Bonjour Tristesse

by Françoise Quoirez

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Last Updated on January 17, 2023, by eNotes Editorial. Word Count: 632

Françoise Quoirez published her first work, the break-out success Bonjour Tristesse, in 1954 when she was only eighteen years old. Her proximity to her seventeen-year-old narrator, Cécile, provides the books with a sense of authentic feeling as if Cécile’s turbulent emotional state and adolescent growing pain stem from Quoirez’s own. The novel is a kind of compressed bildungsroman—that is, a story about a young person's education or early adult learning experiences. It is "compressed" because it is little more than 130 pages in length and is therefore more accurately suited to the novella classification rather than the full-length novel category.  

The story unfolds through a series of imagery-laden vignettes, retelling the events of a summer Cécile and her father spent vacationing in the south of France. Despite the innocuous subject matter, the book was striking and even scandalous to contemporary audiences, as Quoirez discussed sexuality—female sexuality, sexual fluidity, and promiscuity—in bold, unapologetic terms. Readers, who were living in the seemingly sedate era of post-war comfort and conservatism, were uncertain about the novel’s controversial material, and it was banned in many places. However, Quoirez’s frank discussion of quiet but ever-present themes highlighted the near-universal facade of contentment that would soon falter in the turbulent and sexually-liberated 1960s. In detailing the sexual feelings and experiences of a young girl, Quoirez was ahead of her time, expressing these under-the-surface themes of rebellion against moral strictures and conformism generally.

Quoirez’s work, though revolutionary, borrowed from a collection of mid-twentieth-century French literature that rejected old moral values and eschewed conventional restrictions. Her contemporaries and immediate predecessors' work sparked a literary culture that embraced the unconventional and the traditionally suppressed narratives, of which her discussion of female sexuality was invariably a part. Bonjour Tristesse is a bildungsroman that focuses on the metamorphosis of a selfish young girl. In retelling the story of her youth, Cécile reveals a tale of alienation and discomfort with tradition.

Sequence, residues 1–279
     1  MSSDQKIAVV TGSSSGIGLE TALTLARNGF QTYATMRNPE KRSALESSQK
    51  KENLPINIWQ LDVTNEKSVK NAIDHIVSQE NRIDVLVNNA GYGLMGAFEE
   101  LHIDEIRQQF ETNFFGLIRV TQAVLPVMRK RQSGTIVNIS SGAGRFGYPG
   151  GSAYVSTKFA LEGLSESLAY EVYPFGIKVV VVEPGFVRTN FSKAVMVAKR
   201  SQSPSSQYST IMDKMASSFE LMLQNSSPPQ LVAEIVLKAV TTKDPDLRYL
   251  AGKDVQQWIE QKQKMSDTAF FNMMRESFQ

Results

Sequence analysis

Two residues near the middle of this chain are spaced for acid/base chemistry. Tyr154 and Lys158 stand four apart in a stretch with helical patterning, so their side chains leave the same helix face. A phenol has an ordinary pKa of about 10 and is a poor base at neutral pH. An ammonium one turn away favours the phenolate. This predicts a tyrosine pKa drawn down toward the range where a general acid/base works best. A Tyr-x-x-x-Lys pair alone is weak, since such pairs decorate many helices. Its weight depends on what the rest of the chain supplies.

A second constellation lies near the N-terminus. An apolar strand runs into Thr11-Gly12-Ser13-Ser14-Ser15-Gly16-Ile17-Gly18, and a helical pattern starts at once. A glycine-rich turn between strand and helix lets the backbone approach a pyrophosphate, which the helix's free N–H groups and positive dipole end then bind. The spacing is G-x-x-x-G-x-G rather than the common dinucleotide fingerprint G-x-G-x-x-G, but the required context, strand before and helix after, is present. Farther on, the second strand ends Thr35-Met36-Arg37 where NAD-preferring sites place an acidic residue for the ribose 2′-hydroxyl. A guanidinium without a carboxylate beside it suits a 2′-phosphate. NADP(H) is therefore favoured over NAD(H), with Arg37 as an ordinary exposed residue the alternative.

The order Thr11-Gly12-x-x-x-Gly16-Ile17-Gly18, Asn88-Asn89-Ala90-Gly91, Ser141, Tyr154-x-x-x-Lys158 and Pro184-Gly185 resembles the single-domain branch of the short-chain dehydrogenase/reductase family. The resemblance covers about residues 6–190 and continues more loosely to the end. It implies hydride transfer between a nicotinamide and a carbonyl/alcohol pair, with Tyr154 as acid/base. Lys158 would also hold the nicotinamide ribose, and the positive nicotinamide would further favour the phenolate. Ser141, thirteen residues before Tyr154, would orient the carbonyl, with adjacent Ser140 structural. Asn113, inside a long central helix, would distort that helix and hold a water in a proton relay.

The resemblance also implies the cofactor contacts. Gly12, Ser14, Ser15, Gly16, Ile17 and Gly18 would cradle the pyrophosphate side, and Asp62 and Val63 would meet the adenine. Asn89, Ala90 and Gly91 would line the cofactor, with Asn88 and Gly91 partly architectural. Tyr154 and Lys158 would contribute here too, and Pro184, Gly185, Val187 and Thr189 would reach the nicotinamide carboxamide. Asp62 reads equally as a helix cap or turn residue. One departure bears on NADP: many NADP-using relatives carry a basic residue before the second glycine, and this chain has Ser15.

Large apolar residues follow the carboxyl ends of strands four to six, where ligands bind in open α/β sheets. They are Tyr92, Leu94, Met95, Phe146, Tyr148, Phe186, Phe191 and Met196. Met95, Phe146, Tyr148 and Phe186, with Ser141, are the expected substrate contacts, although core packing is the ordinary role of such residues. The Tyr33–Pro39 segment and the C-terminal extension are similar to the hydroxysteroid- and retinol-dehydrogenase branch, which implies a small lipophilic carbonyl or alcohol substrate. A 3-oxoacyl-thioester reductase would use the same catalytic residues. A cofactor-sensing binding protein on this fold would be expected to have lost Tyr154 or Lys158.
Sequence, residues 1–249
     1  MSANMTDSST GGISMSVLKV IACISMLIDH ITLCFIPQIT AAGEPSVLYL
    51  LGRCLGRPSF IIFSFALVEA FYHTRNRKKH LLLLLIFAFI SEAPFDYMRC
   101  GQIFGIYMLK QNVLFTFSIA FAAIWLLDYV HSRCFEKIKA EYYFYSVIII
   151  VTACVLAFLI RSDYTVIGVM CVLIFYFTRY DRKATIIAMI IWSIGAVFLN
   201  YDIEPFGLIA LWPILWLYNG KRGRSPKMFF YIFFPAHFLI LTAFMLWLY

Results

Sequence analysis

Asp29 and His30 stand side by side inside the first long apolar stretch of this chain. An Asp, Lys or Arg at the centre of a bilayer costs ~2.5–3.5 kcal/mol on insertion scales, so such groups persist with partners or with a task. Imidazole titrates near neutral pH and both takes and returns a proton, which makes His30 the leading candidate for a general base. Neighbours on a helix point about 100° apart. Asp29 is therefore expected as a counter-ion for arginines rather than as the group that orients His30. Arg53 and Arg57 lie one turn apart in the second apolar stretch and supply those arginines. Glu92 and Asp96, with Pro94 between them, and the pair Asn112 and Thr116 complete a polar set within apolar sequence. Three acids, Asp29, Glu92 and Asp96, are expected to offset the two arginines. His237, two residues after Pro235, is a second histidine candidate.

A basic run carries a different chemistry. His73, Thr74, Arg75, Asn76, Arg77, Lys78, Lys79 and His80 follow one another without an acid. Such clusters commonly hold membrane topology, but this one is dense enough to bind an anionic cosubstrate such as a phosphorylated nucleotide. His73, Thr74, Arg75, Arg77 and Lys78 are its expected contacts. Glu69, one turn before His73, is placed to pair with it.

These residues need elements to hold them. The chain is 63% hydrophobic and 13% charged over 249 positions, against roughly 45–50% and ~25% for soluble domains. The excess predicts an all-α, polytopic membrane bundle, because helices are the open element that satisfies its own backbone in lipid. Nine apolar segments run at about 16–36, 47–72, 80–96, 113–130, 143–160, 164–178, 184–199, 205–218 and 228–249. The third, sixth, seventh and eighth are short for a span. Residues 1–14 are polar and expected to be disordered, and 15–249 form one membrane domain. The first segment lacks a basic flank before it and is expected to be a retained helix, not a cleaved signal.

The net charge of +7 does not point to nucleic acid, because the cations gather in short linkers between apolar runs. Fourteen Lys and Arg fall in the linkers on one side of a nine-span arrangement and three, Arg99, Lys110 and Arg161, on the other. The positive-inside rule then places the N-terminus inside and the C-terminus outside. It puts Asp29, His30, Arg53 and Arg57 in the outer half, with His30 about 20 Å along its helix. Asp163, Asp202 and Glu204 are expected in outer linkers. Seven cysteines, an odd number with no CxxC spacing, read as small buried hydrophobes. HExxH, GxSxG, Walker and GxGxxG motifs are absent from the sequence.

Cécile’s conflict with Anne is as much about the potential for Anne to take away her father and the life they share as it is about the broader collision of old and new values. The two women—divided by a generation and united by a shared milieu of the stylized femininity of mid-century French women—act as foils. Anne is a bastion of tradition. Her beauty is timeless and classy, and she conducts herself with grace and poise; she is intelligent and embraces the mundane lifestyle Cécile views as “bourgeois” and “boring.” Cécile, however, is anything but. She embraced her father’s hedonistic teachings yet is viewed poorly for following in his footsteps; she is free, self-determined, and passionate, but because she is a young woman, her liberated ways invite only condemnation. 

By rejecting Anne’s efforts to mold her into a respectable woman, Cécile preserves her unique lifestyle. There is more to it; the battle of wills between these two women of vastly different mindsets becomes a metaphor for the nation itself. It is telling, indeed, that Cécile survives and Anne plummets to a tragic end. But, this generational battle is not Quoirez’s central focus. Instead, she seems to argue in favor of life’s arbitrary nature, explaining that the world operates entirely amorally. Events unfold as they will, and there is no deeper meaning beyond sorrow, which Cécile greets knowingly—and almost familiarly—at the novel’s end. Arbitrary sadness dominates this life, she concludes, and all one can do is accept it. It is a sobering conclusion to a tale of sexual liberation and female independence that marries the novel’s soaring themes with its bleak reality, creating a sense of unity that would prove remarkably prescient in the chaotic decade ahead. 

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